Formisano also points out that our federal legislators get perks that let them live like millionaires even when (as is increasingly unlikely) they aren’t; during the 2013 government shutdown, Congresspeople stopped National Airport from closing because it served them and also deemed their own gyms and pools “essential” enough to stay open, though the workers there still didn’t make very much. These privileges, he suggests, corrupt even the people who moved up in class, so that a visionary leader at Brown University speaks eloquently about admitting more students from poor backgrounds but also doesn’t want to interfere with alumni preferences because she has a granddaughter. The elites funnel money to themselves and their families by self-dealing, whether in government (remember Kim Davis?), nonprofits, or business. Disgrace, if exposure occurs, is ameliorated by a soft landing—a pension, positions on other boards, and soft words from one’s co-elites. Even nonprofits are in on the game, and they increasingly replace grassroots activism with palatable-to-elites causes that are organized from the top.

Formisano quotes Robert Borosage’s criticism of liberal focus on “opportunity” instead of equity or punishment for elite cheaters as “passive voice populism,” to good effect. Defunding tax collection is just another mechanism of harm—creating more loopholes for cheaters, who are subsidized by ordinary wage workers whose taxes are collected automatically. Though it’s relatively easy to cherry-pick from history, this John Adams quote seemed apposite: “civil, military, political and hierarchical Despotism, have all grown out of the natural Aristocracy of ‘Virtue and Talents.’ We, to be sure, are far remote from this. Many hundred years must roll away before We shall be corrupted.”

James Q. Whitman, Hitler’s American Model: The United States and the Making of Nazi Race Law: Repeatedly, Nazis looking for inspiration looked to the US system of racial discrimination, primarily in the treatment of immigration, the rights of those in non-state territories, and anti-miscegnation laws. Whitman emphasizes that the Nazis’ crimes were their own and that they also rejected liberal and democratic parts of American law. They also appealled to racist practices among other European colonial powers. Still, Whitman argues that, because the Nazis didn’t envision the Holocaust when they started out, they found compelling analogies in American discriminatory practices, even though these practices were often not aimed at Jews. As with everything about America, it was possible to be selective, and the Nazis had no problem claiming that New York City had “very little to do with ‘America’” because of all its race-mixing and Jews.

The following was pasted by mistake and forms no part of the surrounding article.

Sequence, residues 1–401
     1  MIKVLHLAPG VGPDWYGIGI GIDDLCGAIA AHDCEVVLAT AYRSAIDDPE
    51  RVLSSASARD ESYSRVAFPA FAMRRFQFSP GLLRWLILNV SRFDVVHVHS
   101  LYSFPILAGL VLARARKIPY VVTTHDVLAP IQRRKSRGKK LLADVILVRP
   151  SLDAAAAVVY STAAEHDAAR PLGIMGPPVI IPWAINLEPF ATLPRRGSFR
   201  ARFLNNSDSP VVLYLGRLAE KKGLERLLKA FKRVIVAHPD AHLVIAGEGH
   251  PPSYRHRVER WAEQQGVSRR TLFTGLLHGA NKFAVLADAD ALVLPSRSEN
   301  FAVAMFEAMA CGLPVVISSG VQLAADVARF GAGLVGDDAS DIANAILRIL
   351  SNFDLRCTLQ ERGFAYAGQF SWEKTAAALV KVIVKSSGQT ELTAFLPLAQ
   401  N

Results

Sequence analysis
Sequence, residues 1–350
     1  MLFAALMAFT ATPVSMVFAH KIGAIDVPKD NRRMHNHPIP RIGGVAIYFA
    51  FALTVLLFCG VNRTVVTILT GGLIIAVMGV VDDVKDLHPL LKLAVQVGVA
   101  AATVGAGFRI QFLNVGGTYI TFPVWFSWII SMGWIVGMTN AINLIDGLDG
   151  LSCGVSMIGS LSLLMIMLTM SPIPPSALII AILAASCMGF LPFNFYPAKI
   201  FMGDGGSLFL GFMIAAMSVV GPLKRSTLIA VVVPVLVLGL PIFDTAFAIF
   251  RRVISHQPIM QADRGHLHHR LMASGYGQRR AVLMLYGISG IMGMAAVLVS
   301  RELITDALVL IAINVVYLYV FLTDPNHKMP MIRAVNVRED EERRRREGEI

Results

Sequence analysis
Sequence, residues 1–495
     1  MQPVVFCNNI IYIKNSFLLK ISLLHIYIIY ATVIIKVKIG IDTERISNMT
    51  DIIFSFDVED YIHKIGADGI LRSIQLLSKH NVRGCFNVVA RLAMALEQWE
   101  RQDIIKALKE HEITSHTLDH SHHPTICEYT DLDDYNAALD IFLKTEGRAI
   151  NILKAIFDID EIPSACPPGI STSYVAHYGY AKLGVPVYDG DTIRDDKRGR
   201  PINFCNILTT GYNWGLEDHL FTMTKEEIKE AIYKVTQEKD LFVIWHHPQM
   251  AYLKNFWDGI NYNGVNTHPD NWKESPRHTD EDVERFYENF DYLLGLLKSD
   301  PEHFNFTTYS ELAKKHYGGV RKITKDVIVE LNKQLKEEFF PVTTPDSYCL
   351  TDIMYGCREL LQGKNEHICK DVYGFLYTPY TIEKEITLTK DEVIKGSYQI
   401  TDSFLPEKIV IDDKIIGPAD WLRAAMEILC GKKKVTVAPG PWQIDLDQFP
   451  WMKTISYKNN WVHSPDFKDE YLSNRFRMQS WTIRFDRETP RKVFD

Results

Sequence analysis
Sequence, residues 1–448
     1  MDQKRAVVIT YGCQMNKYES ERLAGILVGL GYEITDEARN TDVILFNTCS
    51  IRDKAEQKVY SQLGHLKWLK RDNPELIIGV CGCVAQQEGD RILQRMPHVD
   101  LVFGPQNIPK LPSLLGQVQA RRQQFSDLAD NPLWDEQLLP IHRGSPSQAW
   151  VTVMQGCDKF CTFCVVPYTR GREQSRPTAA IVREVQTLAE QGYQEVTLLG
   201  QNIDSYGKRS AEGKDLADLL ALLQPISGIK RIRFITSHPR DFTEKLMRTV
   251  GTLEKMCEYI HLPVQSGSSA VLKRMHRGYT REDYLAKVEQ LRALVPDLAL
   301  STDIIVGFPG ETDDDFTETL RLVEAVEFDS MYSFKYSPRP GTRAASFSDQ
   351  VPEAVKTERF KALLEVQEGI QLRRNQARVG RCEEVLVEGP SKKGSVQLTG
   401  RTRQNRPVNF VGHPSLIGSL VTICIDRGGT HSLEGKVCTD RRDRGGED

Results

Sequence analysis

Hitler was able to see the US as a model of Nordic supremacy, and he wasn’t alone; a Nazi historian described the Founding, in what Whitman says was the received wistom of the time, as “a historic turning point in ‘the Aryan struggle for world domination.’” One detailed scholarly work, Race Law in the United States, had as heroes Jefferson and Lincoln—Jefferson because of his insistence that blacks and whites couldn’t live under the same government if both were free, and Lincoln because of his early calls for black resettlement outside the US. Similarly, “Nazi expansion eastward was accompanied by invocations of the American conquest of the West, with its accompanying wars on Native Americans…. Indeed as early as 1928 Hitler was speechifying admiringly about the way Americans had ‘gunned down the millions of Redskins to a few hundred thousand, and now keep the modest remnant under observation in a cage’ ….”

Jim Crow segregation, Whitman contends, wasn’t all that important to the Nazis, but citizenship and sex/reproduction were, and it was there that they took lessons from the US. In fact, “Nazis almost never mentioned the American treatment of blacks without also mentioning the American treatment of other groups, in particular Asians and Native Americans.” American immigration and naturalization law was, almost uniquely, racist and race-based, and Hitler praised it for being so in Mein Kampf. And there were various forms of de jure and de facto second-class citizenship for African-Americans, Filipinos, and Chinese, to which the Nazis could look as they created second-class citizenship for Jews—drawing on, for example, the distinction between “political rights” and “civil rights” that American whites offered to excuse segregation. Indeed, some Nazis considered openly race-based laws to be more honest about keeping “alien races” from getting the upper hand; they had no need for grandfather clauses, and they devised the Nuremberg Laws in part to “institute official state persecution in order to displace street-level lynchings,” which offended the facist need for state centralization.